"I would be happy to, Chairman."

Smiling, Durandal led Daniel and his three companions away from the main group. Behind them, Ricardo Orff and Takao Schreiber took charge of the other guests, leading them into the main lounge where refreshments awaited. Durandal knew he was risking a faux-pas by taking Daniel aside so early in the proceedings, but he wasn't concerned. He was the chief host, but the Supreme Council members were more than important enough to cover for him. Besides, Daniel was the guest of honour, so it wasn't exactly rude to take him aside for a while.

Besides, any loss of face was nothing compared to the coup that awaited him in the chambers a little way along the corridor.

Daniel felt himself relax.

The arrival seemed to have gone well, at least as far as he could tell. The crowds had been brimming over with enthusiasm, and the PLANT dignitaries had been suitably welcoming. He was particularly touched by the attention of Gilbert Durandal, especially after what had happened in Orb.

He had been worried about that. It had haunted him, from when he had woken up on board the Minerva to their arrival in Carpentaria. He certainly hadn't expected a formal welcome there, or for Durandal to be so…forgiving.

There had been no alternative, of course. Durandal would have wanted an explanation sooner or later, and he was never going to believe that the Orb government had simply double-crossed them, not after making a declaration of friendship. Besides, the Chairman had pretty much figured it out on his own. That, or he had some very well-placed spies inside the Orb government and Morgenroete.

"I must confess, mister Chairman, I was worried," he said, glancing up at the much taller Durandal. "I was afraid the people might have learned of our…conduct in Orb."

"Even if they did, there is no cause for concern," Durandal replied warmly. "Politics and diplomacy, nothing more."

"Even so," Daniel went on. For all the comfort Durandal offered, he just couldn't bring himself to let go of the guilt he felt. "After what we gave them."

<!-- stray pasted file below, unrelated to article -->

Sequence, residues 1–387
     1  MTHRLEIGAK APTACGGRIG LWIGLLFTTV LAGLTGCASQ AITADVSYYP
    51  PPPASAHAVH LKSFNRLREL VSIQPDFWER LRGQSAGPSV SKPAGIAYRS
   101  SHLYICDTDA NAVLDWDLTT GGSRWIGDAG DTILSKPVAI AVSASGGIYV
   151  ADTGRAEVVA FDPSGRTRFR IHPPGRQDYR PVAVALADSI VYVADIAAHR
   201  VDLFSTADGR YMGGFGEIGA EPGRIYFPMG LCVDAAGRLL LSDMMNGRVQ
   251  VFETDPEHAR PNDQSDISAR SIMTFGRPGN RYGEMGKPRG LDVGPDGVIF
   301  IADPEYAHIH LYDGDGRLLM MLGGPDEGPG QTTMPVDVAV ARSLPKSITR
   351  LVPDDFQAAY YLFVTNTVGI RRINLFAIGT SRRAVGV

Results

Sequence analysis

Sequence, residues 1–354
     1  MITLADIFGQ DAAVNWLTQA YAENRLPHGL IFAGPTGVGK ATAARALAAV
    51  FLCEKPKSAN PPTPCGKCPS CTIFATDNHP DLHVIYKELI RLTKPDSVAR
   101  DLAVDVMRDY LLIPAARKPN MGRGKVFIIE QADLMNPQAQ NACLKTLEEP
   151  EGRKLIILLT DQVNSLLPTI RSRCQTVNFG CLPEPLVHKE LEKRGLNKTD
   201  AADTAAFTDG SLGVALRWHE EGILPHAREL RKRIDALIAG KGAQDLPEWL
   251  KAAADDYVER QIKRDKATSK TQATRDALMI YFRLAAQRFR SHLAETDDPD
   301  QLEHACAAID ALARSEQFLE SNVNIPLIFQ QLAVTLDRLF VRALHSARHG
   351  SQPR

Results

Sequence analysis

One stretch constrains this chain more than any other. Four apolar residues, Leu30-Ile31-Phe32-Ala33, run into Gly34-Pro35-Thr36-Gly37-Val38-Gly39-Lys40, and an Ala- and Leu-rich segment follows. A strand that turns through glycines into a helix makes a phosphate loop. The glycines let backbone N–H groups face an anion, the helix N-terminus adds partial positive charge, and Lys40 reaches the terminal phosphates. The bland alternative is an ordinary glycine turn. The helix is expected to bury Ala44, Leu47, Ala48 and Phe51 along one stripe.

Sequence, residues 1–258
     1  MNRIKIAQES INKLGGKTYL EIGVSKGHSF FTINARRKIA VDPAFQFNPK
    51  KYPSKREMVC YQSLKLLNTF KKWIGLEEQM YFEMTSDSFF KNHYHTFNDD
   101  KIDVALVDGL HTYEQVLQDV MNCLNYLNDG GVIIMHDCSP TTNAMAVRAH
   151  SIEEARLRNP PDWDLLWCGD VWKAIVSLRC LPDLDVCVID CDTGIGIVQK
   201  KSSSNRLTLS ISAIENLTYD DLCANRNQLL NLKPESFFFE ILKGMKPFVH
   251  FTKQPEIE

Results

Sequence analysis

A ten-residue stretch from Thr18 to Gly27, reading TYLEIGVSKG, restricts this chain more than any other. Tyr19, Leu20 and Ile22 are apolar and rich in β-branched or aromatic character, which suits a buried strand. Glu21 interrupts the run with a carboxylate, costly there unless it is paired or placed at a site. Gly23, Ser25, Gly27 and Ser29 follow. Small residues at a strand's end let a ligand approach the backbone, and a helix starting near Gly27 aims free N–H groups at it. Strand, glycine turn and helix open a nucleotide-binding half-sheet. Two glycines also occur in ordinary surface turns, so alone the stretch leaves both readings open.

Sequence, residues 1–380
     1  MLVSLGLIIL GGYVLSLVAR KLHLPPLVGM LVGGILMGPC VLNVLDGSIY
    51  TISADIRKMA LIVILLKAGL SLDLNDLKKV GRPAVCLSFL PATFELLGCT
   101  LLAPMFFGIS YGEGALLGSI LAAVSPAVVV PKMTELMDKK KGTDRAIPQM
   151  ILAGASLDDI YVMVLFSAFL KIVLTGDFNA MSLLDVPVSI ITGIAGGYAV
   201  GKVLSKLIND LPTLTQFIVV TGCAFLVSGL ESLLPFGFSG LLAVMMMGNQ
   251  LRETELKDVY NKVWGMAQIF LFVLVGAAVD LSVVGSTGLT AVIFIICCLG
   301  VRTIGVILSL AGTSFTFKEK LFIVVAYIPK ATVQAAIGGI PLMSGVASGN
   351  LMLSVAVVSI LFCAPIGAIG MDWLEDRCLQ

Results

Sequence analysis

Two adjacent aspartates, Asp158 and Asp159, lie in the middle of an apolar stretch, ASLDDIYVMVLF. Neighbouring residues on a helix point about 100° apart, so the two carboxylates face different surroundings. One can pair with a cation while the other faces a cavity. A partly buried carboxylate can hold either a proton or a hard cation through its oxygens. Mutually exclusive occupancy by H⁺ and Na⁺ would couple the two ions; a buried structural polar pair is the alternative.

"At the moment, Orb isn't exactly an enemy," Durandal explained. "And besides, they double-crossed you first, which gets you the sympathy vote."

"I suppose." Daniel could hear the footsteps of his friends behind him. He felt their concentration, their suspicion. He felt a twinge of guilt over the pain he had caused them, over the risks they had taken to protect him, to bring him to the Minerva. He wished there had been more time on the journey from Carpentaria; time to talk, time to apologise, time to remind them of what they meant to him.

Of what they had always meant to him.

"And here we are." They reached a wood-panelled double-door at the end of the corridor, flanked by green-uniformed ZAFT guards. The two men snapped to attention and saluted as the party approached. Durandal acknowledged them with a nod, and they opened the doors.

The room beyond was large, and sparsely but tastefully furnished. A long desk dominated the opposite end of the room, while a sofa and a pair of armchairs stood either side of a narrow coffee table in the centre. The walls were decorated with paintings and vid-screens, and a series of plinths were arranged here and there around the room. Upon each stood some sort of four-legged machine, contained in a transparent cell that reached up to the ceiling.

"I forgot to say," the Chairman said, as he stepped inside and bade his guests follow. "A certain someone will be joining us."

Daniel was momentarily confused as he stepped past Durandal into the room, wondering what he meant.

Then he saw her.

She was seated on the sofa, side-on to the door. Her hair was very long, and to Daniel's surprise it was bright pink. He was still growing accustomed to the strange hair colours that were so common in the Earth Sphere. She turned her head as they entered, and their eyes met.

Daniel was entranced. He knew he was staring at her, but he couldn't help himself. Those wide blue eyes, that gentle, startled air, that face…

"Your royal highness." Durandal's smile was positively vulpine as the young girl stood up. Her figure was a perfect, wide-hipped hourglass, complimented by the flowing purple skirt of her gown. The bodice was white, with a high, wide collar reaching her chin, which had the curious effect of drawing attention to her face. Her hands were clasped demurely in front, emerging from the purple frills that decorated her cuffs. A golden ornament in the shape of a star decorated her hairline above her left eye.